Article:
China is a huge country with a massive population. However, while you are there, it is quite valuable explore certain locales to further a search. Again, make sure you have a local guide who is supportive and willing to help talk to the locals.
- Finding place - If this information that you have seems reliable, it is a good place to start, by visiting the finding spot locale and asking around to see if anyone remembers a child being found there. Be prepared to spend some time and explore leads which may surface from these conversations. As the adoptee conducting the search, realize that this aspect could be an intensely emotional rollercoaster for all, as you consider the reality of possibly finding something from these leads that might be different from what you had thought known for years. It’s possible that different options that may present themselves with exploring the finding place. Sometimes in a small community, simply the presence of a foreigner wandering around and asking questions will create “word of mouth” that travels through a close community and someone may seek you out. That is one reason it is helpful to keep your plans loose and anticipate spending several days in the area of the finding location, if feasible.
- Local Market - At times if nothing much has turned up with other avenues, it can be useful to simply explore the local markets and leisurely strike up conversations (via the guide unless you are a fluent speaker) with local vendors. It is good to have fliers already printed in Mandarin describing your interest in making contact with a birth family member and/or general information on the adoptee with an early photo and local contact information. If you do this, be prepared for handling many irrelevant inquiries, so make certain to hold back much key information, to help you sort out viable leads from false leads. It’s good to start at the local markets near the finding location or other logical spot.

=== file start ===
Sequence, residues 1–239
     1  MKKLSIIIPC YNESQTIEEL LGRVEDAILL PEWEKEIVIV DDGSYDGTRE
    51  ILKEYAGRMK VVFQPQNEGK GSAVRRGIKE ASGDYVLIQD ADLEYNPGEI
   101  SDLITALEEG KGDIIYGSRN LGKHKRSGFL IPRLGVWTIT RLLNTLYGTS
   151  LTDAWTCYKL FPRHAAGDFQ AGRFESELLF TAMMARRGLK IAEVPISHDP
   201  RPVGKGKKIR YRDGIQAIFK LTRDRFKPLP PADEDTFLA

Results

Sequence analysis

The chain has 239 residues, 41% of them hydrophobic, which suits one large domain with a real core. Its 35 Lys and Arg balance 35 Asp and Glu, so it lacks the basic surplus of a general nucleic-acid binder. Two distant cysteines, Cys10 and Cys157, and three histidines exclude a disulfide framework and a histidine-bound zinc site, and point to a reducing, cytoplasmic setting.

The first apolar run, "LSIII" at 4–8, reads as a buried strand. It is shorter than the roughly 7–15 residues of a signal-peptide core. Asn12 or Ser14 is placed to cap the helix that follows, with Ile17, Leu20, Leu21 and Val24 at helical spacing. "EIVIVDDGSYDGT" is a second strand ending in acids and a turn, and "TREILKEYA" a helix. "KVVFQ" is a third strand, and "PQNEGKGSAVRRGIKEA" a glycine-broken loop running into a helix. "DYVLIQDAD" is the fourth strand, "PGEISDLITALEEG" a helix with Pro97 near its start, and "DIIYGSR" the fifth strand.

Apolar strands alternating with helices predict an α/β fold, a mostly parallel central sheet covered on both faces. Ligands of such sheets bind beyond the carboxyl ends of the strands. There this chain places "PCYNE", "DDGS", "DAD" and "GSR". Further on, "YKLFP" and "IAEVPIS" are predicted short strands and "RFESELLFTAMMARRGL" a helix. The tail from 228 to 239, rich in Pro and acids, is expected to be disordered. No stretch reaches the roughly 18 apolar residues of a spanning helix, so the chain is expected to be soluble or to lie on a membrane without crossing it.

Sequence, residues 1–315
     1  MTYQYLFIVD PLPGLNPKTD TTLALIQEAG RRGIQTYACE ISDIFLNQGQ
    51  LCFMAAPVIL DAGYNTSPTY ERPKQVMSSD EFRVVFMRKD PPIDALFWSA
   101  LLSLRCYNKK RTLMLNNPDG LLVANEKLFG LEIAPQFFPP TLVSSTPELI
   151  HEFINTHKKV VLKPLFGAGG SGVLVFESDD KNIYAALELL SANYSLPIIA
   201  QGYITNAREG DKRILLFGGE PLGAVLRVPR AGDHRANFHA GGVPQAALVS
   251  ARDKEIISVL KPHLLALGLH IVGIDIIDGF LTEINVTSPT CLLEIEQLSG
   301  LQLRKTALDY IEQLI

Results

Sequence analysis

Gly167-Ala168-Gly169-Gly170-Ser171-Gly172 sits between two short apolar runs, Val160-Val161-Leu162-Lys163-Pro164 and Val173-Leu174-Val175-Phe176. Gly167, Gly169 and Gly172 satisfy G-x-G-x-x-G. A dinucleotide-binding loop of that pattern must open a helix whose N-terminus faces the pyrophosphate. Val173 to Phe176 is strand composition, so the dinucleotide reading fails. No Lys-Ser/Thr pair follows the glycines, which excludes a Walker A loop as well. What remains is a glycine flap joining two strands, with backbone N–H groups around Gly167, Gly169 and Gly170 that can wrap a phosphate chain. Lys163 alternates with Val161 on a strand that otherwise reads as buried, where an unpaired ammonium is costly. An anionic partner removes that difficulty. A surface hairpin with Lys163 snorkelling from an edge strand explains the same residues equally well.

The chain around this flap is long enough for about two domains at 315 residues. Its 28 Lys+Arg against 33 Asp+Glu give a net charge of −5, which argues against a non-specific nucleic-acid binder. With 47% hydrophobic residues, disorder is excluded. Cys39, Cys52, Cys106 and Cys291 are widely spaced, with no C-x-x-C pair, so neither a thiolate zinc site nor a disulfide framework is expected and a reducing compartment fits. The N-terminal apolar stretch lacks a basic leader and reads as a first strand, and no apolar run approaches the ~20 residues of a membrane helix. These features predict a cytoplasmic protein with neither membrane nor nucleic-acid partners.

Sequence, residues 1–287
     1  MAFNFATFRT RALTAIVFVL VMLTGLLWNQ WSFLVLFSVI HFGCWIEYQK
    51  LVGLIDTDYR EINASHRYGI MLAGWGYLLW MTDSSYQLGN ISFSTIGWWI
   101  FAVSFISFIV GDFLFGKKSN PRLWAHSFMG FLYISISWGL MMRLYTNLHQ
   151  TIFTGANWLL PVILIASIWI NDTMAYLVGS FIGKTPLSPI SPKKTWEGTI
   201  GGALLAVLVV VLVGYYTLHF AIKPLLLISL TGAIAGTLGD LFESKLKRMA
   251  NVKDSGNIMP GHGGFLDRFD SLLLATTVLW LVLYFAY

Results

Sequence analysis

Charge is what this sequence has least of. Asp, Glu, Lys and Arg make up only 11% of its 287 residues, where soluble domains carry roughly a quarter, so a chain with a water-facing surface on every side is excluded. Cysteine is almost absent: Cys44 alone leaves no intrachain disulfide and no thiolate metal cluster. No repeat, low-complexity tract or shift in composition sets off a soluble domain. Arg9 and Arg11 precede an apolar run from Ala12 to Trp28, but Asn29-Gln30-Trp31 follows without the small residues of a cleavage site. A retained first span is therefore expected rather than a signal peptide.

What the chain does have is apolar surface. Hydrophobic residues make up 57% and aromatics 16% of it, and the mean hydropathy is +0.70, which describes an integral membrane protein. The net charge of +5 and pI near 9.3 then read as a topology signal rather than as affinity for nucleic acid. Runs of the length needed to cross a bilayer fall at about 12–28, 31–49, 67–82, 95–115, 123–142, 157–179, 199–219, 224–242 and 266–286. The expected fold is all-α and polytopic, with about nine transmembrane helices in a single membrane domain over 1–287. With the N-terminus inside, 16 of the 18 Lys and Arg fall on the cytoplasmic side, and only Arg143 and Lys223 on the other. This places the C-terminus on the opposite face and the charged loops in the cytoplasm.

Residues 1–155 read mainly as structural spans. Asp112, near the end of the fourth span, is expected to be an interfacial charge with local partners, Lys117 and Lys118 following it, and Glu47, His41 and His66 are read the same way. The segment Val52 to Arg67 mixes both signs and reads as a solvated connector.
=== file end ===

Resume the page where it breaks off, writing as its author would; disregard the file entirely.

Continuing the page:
- Local Elementary or Middle School - If one can get a visit to a local elementary or middle school in the area, it is possible explore obtaining information from local school children, who may know of a family whose baby “disappeared”, or it could be the case in the pupil’s own family. One doesn’t have to explain a lot. It can be a good strategy to visit a local school and just happen to have information about your child to send home with the school kids (not mentioning searching per se) but including contact information, such as phone number or email, or the guide’s phone number. Oftentimes, at the end of middle school, the advanced students move away to attend high school, or simply don’t continue education after middle school if the area is rural. So, the chances are best to employ this strategy before the adoptee searching is out of high school, otherwise siblings, cousins or neighbor kids who may have potential knowledge may no longer be in China’s local school system.